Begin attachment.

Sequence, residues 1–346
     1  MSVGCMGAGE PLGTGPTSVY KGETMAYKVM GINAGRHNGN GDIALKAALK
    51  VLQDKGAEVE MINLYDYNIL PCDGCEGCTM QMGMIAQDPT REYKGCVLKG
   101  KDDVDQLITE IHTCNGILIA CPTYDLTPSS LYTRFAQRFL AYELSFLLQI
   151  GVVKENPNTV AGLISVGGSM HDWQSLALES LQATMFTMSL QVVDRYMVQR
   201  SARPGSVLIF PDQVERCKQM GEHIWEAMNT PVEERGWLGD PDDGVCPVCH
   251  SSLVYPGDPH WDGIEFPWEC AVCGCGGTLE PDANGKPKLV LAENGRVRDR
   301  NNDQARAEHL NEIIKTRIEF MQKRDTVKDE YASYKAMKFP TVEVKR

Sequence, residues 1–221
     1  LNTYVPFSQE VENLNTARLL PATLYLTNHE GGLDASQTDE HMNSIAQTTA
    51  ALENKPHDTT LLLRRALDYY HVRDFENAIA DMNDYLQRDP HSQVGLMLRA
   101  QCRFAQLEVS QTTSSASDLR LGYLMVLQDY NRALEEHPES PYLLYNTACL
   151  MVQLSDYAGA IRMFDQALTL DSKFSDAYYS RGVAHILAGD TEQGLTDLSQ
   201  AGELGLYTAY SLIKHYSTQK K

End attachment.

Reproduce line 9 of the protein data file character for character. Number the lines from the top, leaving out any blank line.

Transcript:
Sequence, residues 1–221